(Reuters) - A cloud of volcanic ash drifting eastward from Iceland has halted flights across northern Europe, causing widespread disruption.
Below are some questions and answers on the aviation risk.
— What is volcanic ash?
Plumes of dust spewed out by volcanoes usually contain tiny particles of glass, pulverized rock and silicates. The result is a cloud of material resembling sandpaper.
— Why is it a hazard to aviation?
The problem is not visibility but the abrasive affect of the ash, which can both strip vital surfaces and bung up an engine.
Pulverized rock colliding at high speed with a speeding jetliner can blast away surfaces inside the engine.
Due to intense heat in the motor, the particles can fuse together when they penetrate the engine and stop it working.
Aircraft avionics and electronics can also be damaged.
Aviation authorities say clouds of ash are often accompanied by clouds of gas such as sulphuric acid and hydrochloric acid.
— How long will the problem last?
The answer depends on the weather. Prevailing winds have so far spread the cloud eastwards from Iceland toward British and Scandinavian airspace. Britain’s meteorological office says ash may be present over the United Kingdom on Thursday and Friday. British airspace is expected to be closed until at least Thursday evening.
— What happens when volcanic ash is detected?
A 120 nautical mile danger zone is declared around the original plume and flights are banned in contaminated areas as winds move the ash across flight paths. The scale of Thursday’s response is “unprecedented,” a British spokesman told Sky TV.
— What happens if an aircraft does fly into volcanic ash?
* On June 24, 1982, the captain of a British Airways jumbo jet en route from Kuala Lumpur to Perth, Australia, came on the speaker system at around 37,000 feet and calmly told the 247 passengers on board that all four of its engines had failed.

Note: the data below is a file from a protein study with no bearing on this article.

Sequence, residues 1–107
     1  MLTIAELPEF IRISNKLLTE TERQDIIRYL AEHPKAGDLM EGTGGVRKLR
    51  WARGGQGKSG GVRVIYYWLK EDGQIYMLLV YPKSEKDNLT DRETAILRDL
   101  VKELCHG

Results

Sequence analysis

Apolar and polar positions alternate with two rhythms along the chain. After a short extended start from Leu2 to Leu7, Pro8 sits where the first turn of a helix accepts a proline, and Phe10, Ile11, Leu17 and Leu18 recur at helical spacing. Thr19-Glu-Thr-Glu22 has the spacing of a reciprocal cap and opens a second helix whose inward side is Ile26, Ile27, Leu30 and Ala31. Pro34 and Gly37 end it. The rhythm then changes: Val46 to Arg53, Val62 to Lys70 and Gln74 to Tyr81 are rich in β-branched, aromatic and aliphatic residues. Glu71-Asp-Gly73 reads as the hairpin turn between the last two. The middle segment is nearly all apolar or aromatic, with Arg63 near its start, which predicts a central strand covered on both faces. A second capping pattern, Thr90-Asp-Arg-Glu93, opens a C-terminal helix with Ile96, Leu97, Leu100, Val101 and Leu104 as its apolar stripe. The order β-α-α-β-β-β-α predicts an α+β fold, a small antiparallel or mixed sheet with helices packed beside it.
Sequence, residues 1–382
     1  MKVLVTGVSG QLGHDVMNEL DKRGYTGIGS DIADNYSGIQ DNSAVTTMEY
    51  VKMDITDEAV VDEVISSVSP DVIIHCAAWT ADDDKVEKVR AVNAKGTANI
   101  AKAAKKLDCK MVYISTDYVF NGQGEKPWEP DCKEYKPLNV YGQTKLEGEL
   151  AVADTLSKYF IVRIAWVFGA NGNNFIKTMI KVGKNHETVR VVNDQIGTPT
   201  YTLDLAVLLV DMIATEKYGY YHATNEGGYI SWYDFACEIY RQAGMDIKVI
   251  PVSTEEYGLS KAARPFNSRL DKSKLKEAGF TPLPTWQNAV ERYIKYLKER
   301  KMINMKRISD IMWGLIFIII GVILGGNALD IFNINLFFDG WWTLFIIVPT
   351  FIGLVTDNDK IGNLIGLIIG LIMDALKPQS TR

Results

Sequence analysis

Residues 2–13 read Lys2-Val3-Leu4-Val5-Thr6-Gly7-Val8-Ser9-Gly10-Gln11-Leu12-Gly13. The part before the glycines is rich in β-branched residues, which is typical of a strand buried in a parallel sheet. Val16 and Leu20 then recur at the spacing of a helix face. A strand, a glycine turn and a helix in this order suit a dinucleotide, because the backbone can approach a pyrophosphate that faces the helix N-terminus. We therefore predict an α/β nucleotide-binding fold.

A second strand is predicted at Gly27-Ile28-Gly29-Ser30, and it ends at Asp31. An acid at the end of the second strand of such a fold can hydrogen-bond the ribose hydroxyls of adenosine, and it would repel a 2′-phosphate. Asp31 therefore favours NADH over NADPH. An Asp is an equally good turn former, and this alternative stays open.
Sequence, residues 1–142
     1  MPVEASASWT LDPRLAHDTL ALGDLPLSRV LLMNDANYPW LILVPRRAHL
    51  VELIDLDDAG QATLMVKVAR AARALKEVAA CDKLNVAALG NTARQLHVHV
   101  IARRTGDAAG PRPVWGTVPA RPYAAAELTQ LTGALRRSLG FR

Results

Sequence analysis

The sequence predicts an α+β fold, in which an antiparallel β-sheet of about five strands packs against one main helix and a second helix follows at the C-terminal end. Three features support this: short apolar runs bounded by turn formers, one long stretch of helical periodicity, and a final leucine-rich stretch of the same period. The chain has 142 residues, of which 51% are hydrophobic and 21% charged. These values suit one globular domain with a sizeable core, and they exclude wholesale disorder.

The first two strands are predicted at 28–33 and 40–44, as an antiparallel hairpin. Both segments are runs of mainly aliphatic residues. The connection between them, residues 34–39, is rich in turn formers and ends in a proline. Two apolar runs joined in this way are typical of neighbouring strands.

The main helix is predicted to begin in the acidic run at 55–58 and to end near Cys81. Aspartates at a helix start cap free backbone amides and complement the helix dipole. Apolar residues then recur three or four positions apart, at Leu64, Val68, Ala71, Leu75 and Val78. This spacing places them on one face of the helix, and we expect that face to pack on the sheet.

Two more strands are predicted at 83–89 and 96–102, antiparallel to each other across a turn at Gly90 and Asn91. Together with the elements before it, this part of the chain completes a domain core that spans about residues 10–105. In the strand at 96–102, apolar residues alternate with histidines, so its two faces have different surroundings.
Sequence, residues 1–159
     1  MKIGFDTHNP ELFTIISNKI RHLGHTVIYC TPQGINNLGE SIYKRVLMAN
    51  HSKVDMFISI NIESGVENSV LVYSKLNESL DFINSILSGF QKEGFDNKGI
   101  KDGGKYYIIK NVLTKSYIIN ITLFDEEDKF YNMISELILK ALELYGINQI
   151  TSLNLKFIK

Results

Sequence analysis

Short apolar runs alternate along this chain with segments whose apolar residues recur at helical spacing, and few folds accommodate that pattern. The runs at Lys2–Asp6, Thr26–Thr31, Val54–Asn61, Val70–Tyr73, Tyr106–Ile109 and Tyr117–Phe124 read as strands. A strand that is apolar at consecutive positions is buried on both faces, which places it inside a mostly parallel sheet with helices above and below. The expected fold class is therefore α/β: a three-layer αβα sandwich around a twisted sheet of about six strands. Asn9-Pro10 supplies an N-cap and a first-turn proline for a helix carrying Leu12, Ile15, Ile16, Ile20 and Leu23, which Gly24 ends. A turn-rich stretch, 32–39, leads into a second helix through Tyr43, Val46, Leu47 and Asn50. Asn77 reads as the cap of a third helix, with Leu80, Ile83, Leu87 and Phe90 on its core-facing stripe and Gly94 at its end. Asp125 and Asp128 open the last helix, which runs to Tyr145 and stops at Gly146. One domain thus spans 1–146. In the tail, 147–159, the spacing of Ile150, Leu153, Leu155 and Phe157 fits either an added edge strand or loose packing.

In an incident that went down in aviation history, Captain Eric Moody glided the jet down more than 20,000 feet and managed to restart one engine at 13,000 feet followed by others, according to the Flight Safety Foundation (aviation-safety.net).
It was only later that investigators found the combination of engine failure, an eerie luminous glow around the plane and acrid smoke inside the cabin had been caused by flying into a cloud of volcanic ash from the eruption of Mount Galunggung.
The aircraft landed safely on three engines but the incident prompted new flight procedures and international exercises. * On December 15, 1989, all four engines failed again when a KLM jumbo jet flew into a cloud that turned out to be volcanic ash while en route from Amsterdam to Anchorage, Alaska. The engines resumed working and the damaged plane landed safely.
That incident was blamed on lack of sufficient information provided to the crew, the Flight Safety Foundation says.
— How do controllers plan for such an event?
Partly as a result of these incidents, the International Civil Aviation Organization, a United Nations body, maintains detailed contingency plans that were activated on Thursday.
The incident came just six weeks after European authorities carried out the first of two 2010 exercises for just such an event, aimed at preventing a catastrophe due to volcanic dust.
Reporting by Tim Hepher, Editing by Lin Noueihed